The wind of Jazz blows always quicker among the reeds of brass instruments and a brush more often replaces the plectrum in Django’s hands.
Pope Pio XII blesses the Saint Year 1950 and among the three million believers who came to Rome, there also were five French musicians, gathered together for the last time as the legendary Quintette du Hot Club de France. They arrive after a 24-hour train journey, but better like this than by plane, for the memories and the fear for the tragedy of the football players of the great Turin team of few months before were too strong. They arrive in Via San Nicola da Tolentino no. 4, where, at the corner with via Bassolati, a great building has been erected a few months before – a pagan cathedral, seat of the roman administrative department of Fiat: offices, an exposition centre, galleries, meeting rooms, shops, two cinemas (Fiamma and Fiammetta) and in the cellar, connected by a long staircase, there was the club which hired them, the Open Gate Club. “What? They’ve sent away Sven Asmussen and his ensemble, one of the most highly regarded?? Ach moune! When does the next train to Paris leave?” Django asked Alf Masselier, the double bass player.
For sure, playing in that club during dinner was not easy. “Three”, gestured Roger Paraboschi, the drummer, granting the request of the maître d’, and away! They started playing for the fourth time the theme of “Il Terzo Uomo” (The third man). “As soon as I find a moment I’ll see that film!” said the pianist Ralph Schécroun. The audience were even richer and selected that at the Rupe Tarpea, but among these were Greek ship-owners and American oil tycoons. But where are the Italian Jazz lovers?? Ah, there’s Mario De Crescenzo! “For your birthday I’ll give you one of my drawings”. Bye bye Carlo Pes and Armando Trovajoli! See you later at your house in Monte Mario, Armando, and maybe we can do a jam session until six in the morning with the musicians of Benny Goodmann’s sextet – I knocked them all down last time! I’m sorry Mr. Goodmann, thank you for the invitation, but I won’t go back to the US.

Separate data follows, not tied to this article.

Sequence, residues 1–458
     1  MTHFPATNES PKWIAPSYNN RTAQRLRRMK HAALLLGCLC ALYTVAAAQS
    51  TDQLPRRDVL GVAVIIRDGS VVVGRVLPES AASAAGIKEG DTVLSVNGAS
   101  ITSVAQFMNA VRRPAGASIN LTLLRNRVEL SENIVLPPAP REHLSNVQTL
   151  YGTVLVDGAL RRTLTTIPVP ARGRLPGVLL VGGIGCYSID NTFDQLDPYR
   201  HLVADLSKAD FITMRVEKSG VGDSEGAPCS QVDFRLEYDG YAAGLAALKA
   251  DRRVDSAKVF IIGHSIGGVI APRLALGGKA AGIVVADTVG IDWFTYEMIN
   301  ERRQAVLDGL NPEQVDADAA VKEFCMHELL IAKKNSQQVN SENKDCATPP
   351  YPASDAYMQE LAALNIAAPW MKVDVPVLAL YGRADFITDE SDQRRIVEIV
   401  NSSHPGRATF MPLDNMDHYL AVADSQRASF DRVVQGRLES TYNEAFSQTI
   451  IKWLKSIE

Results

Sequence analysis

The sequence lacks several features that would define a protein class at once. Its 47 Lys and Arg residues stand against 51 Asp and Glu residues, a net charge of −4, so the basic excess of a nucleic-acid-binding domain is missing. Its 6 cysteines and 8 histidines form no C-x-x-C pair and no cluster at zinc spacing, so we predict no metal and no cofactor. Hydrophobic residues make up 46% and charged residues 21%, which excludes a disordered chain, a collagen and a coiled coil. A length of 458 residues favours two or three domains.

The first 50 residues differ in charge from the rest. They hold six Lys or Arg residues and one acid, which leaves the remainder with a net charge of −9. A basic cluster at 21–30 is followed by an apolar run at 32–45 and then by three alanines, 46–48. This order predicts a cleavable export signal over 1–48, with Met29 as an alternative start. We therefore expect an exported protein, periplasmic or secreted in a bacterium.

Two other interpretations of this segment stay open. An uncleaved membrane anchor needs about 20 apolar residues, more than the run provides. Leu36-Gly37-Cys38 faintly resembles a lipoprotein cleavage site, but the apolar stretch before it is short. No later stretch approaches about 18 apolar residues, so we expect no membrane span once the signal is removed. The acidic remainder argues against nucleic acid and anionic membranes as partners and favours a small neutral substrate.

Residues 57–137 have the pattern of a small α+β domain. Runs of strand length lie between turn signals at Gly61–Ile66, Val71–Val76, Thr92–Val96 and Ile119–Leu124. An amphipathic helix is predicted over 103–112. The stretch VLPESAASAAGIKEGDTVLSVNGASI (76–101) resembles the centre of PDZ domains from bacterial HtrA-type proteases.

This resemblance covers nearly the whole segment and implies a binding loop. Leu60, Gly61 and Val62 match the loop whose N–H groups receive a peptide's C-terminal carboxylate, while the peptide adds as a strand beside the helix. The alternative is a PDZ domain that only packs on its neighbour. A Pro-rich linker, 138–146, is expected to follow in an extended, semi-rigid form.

“J’adore Rome!” And actually Rome is beautiful in April, and ten minutes from here is the Trevi Fountain – I wonder if Misses Ekbar is already in there?! How can you resist the charm of the Eternal City? How wonderful it is, stopping by to look at the old column capitals, with a broad-brimmed hat and red scarf around the neck? So, what puts you in such a bad mood? The irreverent club? The rain that’s started falling? The feeling that time is running faster than your fingers? Still, you have a lot to say and this is why you are recording once again in Rai. Here you are with Andrè Ekyan, the saxophonist – who has been a friend of yours for 20 years – and the quintet; all gathered around one microphone in the middle of the recording room. Paraboschi, who was playing a little far from you, is not pictured in this photo, but don’t worry Robert, fifty years later a young musician from Milan will send you a photo, in which you too are pictured and in return you will maybe tell him your memories.